Thus a problem exists with current power amplifier output stages in that at high frequencies a series resonance is presented at the power supply terminal of the amplifier as a consequence of the output capacitance of the transistor forming a high Q resonant network with the supply feed inductance. This network creates a source of potential instability, and creates a long time constant energy storage means that contributes to memory effect, and renders any form of wideband envelope modulation difficult to apply.

It is an aim of the present invention to provide an improved technique which addresses one or more of the above stated problems.

SUMMARY OF THE INVENTION

In accordance with the invention there is provided a power amplifier including a resistive element connected at an output thereof to maintain a low impedance at the output across a range of operational frequencies.

The power amplifier may further include a transistor for receiving a signal to be amplified at an input and for providing an amplified signal at the output.

The output may be adapted for connection to a modulated power supply. The output may be adapted for connection to a modulated power supply via a supply feed inductance.

Said resistive element may comprise a resistor.

A reactive element may be connected in series with said resistive element. The resonant element may comprise a capacitive element or an inductive element in series with a capacitive element. Said inductive element may comprise a conductive element of said circuit. The conductive element may comprise a part of a conductive track or a bond wire. Said inductive element may comprise an inductor. Said capacitive element may comprise a capacitor.

The signal to be amplified may be a radio frequency signal.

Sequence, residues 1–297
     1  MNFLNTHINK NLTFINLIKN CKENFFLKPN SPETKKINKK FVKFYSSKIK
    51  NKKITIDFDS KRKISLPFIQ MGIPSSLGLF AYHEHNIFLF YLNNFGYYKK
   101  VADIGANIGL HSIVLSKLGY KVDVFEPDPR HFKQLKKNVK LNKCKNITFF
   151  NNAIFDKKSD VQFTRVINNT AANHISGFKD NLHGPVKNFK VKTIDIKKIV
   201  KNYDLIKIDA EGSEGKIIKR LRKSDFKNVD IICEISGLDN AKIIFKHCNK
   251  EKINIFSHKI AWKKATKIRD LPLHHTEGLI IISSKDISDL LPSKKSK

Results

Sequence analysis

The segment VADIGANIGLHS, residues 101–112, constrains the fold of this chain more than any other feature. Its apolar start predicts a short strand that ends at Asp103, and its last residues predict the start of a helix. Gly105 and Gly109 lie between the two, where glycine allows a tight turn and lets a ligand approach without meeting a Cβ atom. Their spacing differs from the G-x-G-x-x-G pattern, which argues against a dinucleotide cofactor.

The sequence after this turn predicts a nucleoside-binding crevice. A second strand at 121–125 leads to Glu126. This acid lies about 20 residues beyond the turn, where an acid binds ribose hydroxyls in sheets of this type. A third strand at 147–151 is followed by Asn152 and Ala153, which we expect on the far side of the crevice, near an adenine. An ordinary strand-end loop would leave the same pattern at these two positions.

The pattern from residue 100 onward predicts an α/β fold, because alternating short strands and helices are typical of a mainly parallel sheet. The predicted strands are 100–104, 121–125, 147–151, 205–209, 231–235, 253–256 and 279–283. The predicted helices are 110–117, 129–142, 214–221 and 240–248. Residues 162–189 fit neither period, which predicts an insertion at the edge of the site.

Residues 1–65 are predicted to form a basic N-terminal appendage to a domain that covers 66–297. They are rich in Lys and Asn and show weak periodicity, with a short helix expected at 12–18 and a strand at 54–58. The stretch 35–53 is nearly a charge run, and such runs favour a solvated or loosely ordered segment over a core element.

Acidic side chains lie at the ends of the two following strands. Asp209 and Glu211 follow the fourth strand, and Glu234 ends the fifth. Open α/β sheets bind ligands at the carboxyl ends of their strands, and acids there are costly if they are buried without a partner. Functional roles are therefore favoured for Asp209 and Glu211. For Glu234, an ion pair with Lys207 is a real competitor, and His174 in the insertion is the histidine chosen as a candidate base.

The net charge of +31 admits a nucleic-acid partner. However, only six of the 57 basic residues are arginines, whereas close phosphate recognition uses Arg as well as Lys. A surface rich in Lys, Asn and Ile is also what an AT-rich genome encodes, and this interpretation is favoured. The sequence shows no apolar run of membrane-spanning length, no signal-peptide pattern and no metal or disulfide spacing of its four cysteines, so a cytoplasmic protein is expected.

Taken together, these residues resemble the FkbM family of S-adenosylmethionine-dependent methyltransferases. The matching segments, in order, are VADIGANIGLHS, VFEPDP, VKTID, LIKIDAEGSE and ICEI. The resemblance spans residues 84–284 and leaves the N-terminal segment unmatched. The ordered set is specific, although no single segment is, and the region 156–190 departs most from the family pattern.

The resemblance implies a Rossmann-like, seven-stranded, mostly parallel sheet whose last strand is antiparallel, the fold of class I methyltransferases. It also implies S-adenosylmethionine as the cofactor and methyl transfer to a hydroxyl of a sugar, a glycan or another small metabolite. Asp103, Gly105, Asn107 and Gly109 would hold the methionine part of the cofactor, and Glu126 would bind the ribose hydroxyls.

In a further aspect the invention provides a power amplifier circuit comprising a transistor for receiving a signal to be amplified at an input and for outputting an amplified signal at an output; a modulated power supply connected to the transistor output; and a resistive element connected at the transistor output such that a low impedance is maintained at the transistor output across a range of operational frequencies.

The invention still further provides a method of maintaining a low impedance across a range of operational frequencies in a power amplifier, the method including providing a resistive element at an output of the power amplifier.

The method may further comprise step of providing a reactive element connected in series with said resistive element.

A series resonance at the power supply is equivalent to a parallel resistance at the junction between the inductance and the capacitance. This junction is the drain of the transistor. The low impedance at the power supply terminal is equivalent to a high impedance at the transistor terminal. This provides a solution of presenting a low impedance to the transistor terminal to thereby damp out the series resonance appearing at the power supply terminal.

BRIEF DESCRIPTION OF THE FIGURES

The invention is now described with reference to particular embodiments as illustrated by the accompanying figures, in which:

FIG. 1 illustrates a physical representation of a RF power stage, including example locations of a control circuit implemented in accordance with embodiments of the invention;

FIG. 2 illustrates the equivalent circuit of a packaged power transistor such as shown in FIG. 1;

FIGS. 3( a) to 3(c) illustrate curves of impedance, phase, and amplitude respectively for various frequencies, exhibited by the resonance at the transistor terminal with and without a control circuit in accordance with embodiments of the invention;

FIGS. 4( a) and 4(b) illustrate the electrical equivalent circuit of a power amplifier such as shown in FIG. 1, including the implementation of a control circuit in accordance with embodiments of the invention; and